“It succeeded in breaking a taboo, it brought out into the open calls against corruption and the domination of certain figures on the economy,” said Omar Bendoro, a political analyst at Rabat University. Close associates of the king from wealthy families are perceived to dominate the economy.
After years of repression, people are no longer afraid to make their discontent known, whether about lack of water, electricity or civil rights, he added.
“Social problems have always existed, but now the people explode because there is a chance that the powers-that-be will take them seriously,” Bendoro said.
The king, due either to the street rallies or fears of Egyptian- or Tunisian-style revolutions, agreed in March to amend the constitution, bowing to longtime demands from political parties.
Under the new constitution the prime minister has more powers and comes from the party that won the most votes, rather than whomever the king felt like choosing under the old system. Ultimate power, however, still rests with the monarch and his court of close advisers.
Even as the concessions, including raising public sector wages, blunted popular anger, activists say there was a second, darker, prong to the official response — one that targeted the movement itself.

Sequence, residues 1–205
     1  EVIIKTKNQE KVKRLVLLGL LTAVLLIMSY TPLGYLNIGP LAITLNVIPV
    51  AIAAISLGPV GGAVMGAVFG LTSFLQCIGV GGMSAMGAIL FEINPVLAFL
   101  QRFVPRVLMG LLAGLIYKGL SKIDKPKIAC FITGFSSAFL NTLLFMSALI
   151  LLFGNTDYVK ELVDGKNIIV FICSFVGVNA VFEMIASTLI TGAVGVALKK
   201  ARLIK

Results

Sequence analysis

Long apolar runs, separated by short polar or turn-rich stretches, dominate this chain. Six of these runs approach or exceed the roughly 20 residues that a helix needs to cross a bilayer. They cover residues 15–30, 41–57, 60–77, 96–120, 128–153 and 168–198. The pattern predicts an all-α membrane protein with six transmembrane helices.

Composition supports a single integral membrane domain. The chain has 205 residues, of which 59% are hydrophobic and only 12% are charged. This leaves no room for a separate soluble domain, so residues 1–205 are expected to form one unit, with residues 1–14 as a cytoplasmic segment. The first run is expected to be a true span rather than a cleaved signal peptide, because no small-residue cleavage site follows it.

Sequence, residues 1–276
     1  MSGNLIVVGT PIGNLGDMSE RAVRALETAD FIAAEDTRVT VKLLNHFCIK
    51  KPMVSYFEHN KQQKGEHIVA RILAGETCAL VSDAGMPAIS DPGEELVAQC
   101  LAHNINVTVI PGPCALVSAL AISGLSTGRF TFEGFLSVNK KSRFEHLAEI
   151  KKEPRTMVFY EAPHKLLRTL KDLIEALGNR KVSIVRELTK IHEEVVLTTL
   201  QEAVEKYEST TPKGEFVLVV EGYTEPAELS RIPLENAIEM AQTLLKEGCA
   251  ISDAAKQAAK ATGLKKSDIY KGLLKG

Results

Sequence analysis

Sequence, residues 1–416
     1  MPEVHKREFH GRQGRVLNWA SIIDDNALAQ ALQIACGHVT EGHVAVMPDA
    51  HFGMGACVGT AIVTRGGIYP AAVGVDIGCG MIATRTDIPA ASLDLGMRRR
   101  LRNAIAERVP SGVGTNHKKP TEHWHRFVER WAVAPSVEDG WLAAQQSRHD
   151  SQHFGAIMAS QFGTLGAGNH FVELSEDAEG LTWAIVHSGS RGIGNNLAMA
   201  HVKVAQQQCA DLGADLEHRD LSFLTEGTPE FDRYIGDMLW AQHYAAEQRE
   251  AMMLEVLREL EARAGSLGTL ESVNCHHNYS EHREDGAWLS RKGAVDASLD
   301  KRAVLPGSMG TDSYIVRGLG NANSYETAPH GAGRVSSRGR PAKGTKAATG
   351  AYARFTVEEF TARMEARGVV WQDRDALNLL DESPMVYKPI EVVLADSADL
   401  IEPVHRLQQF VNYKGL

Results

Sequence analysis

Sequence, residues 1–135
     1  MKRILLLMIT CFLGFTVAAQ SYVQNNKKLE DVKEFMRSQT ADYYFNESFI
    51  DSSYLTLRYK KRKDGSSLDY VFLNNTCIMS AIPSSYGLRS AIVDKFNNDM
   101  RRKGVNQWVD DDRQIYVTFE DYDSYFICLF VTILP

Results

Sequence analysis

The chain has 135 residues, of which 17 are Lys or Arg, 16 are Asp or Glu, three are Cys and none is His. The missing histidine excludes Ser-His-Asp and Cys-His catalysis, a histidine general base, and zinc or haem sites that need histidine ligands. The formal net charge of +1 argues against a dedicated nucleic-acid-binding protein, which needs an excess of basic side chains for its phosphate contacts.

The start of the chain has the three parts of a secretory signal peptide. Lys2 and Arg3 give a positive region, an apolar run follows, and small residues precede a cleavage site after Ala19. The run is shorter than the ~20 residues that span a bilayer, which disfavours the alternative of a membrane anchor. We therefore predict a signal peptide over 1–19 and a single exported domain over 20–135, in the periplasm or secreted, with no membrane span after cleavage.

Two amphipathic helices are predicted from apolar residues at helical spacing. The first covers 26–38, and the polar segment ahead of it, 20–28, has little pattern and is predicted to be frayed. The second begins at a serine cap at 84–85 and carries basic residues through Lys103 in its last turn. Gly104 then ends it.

Starting in May, demonstrations began to be attacked by riot police and hired thugs, and some activists started receiving late night visits from security officers.
“There were two levels at work, the institutional and the non-institutional, which was the intimidation, beatings and propaganda — particularly propaganda about the Islamists,” said activist Abadila Maaelaynine.
State media said the demonstrators were being infiltrated by radical communists and hardline Islamists from the banned Adl wal Ihsane (Justice and Charity) movement, which did have a big presence in the demonstrations.
The accusations stuck, further cooling public ardor for the movement, and soon the demonstrations became more of a weekly — later monthly — traffic nuisance than a real vehicle of political change.
“We failed to become more innovative in what we were doing and it’s time to admit that,” said Zeinab Belmkaddem, a young activist with the movement, which is now looking to start a political party and build up a lasting network tied to the people.
“We don’t want to just stay in the streets, we tried that for a year — been there done that — that’s it, but at the end of the day what happened is that others took advantage and that’s what happened with the PJD,” she said bitterly, referring to the Islamist party that won elections.
The party has been a clear beneficiary of the movement.
“The process of democratization in the country is moving in a good direction,” said Mustapha Khalfi, once the editor of the PJD’s newspaper and now the minister of communication and government spokesman. “Moroccan society has the feeling that what is happening in politics has an impact on daily life and most importantly when they participate it can make a difference.”
Khalfi is quick to praise the February 20 movement for its early efforts, but noted that it has since lost momentum and popularity and it is the new government that is now looking to satisfy people’s demands for jobs.
Activists, however, question whether the limited powers given to the new government will be enough to enact the deep reforms that the people crave — especially as daily frustrations mount.
“Now the people are waiting to see what they can do,” said the rapper Belghouat. “They will be disappointed.”